Adopting a dog “The secret to a successful Adoption” Part 7
Getting to Know Your Dog
No matter how much time you put into learning about the breed you have chosen, there is an additional point which you should consider: while there are many factors common to a particular breed, each dog is still an individual. You can gain a fair amount of understanding of what the breed is like, but getting to know your own dog means going a little further.
The best way to get to know your dog is with in-person visits before you make your final decision to adopt him. If the breeder you have chosen lives fairly close to you, or if you are able to travel, the time you put into this will be invaluable. When you can meet, visit, and spend time with a dog, you will be able to determine if he is the right “fit” for you.
Spending just a small amount of time in your dog’s company will help you to see what his personality and behavior are like. You may find that you and he are a good match immediately, that you grow to adore each other, or that there are clashes which prod you to decide that this is not the right dog for you. If you have the opportunity to do so, meeting and spending time with the dog before you adopt will be very beneficial to you both.
You may be considering a breeder who lives too far away to visit in person. In this situation, spending time with your dog before you adopt him may not be possible. You will have to rely on the breeder to supply the information you need. Although dog breeders are busy, a good breeder will be more than willing to communicate with you, and answer all of your questions. His goal is not only to find a good home for his dog, but to have a satisfied customer as well.
Asking questions about the dog’s habits and lifestyle helps you to see whether he is a good match for you. One example is to ask whether the dog has been raised in his breeder’s home, outdoors, or in a kennel. This will let you know what kind of everyday environment the dog is familiar with, and whether the environment you plan for him is similar or different.
Another question to ask the breeder is how the dog interacts with people and other pets. A dog who has been taken care of in his breeder’s home may be used to being around children, adults, and other animals, while the dog who has been outdoors or in a kennel may not. The purpose of knowing these facts in advance is to help you in deciding whether the dog you are thinking about can easily adjust to your home situation, or whether it may produce undue difficulties.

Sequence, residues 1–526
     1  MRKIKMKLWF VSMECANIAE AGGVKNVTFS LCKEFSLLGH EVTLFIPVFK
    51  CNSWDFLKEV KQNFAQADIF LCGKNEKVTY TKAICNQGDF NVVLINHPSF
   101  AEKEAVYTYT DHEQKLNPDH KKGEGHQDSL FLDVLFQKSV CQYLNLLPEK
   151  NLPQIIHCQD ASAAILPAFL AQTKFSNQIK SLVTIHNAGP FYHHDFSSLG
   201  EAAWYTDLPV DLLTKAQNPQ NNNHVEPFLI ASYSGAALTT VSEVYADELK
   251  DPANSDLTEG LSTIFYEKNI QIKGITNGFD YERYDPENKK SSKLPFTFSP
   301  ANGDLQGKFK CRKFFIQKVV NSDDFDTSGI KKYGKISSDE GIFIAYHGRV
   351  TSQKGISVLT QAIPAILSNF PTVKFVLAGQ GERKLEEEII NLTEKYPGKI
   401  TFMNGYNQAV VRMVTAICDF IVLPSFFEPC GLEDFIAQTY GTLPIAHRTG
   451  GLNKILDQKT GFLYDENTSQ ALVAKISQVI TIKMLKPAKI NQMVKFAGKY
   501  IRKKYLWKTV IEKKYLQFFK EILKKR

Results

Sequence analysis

The breeder should also be willing to discuss the dog’s habits with you. You may be planning to adopt a puppy, or an adult dog. Each of these age groups, or stages, come with assets and special concerns. For example, while a puppy can be expected to have “accidents” on the floor, the adult-aged dog should be completely trained. On the other hand, an adult-aged dog is already impacted by years of experiences which can affect his
attitude and behavior, while a small puppy is waiting for experiences to shape his attitudes, behavior, and personality.
You want to know what your dog is really like before you bring him home. If there are negative aspects to your dog’s behavior and habits, knowing about them in advance helps you to prepare to cope with them. You may decide that this is the dog you have been looking for, or you could change your mind and continue your search elsewhere. Either way, the best time to learn about your dog is before you actually adopt him.
If you are able to make a choice, it is better to choose a breeder and dog whom you can meet prior to adopting. While it is possible to gain a great deal of information over the phone, through letters, or by communicating over the internet with the breeder, it is no match for spending time with your prospective new pet in person. This will give you the opportunity to see him in the environment he is familiar with, watch how he interacts with people, and observe him at play.
Whichever method is appropriate for your situation, the most essential point to keep in mind is to learn as much as you can about the dog you want to adopt before you agree to purchase him. It can help you to avoid making the mistake of getting a dog that is all wrong for you, and make the chances very good that you will find the dog who is the perfect match for you.
Adopting a dog “The secret to a successful Adoption” Part 8 (Preparing Your Home & Family for Your New Dog!) will be on what’s on in East London Tomorrow.
Credit photo: Kasuma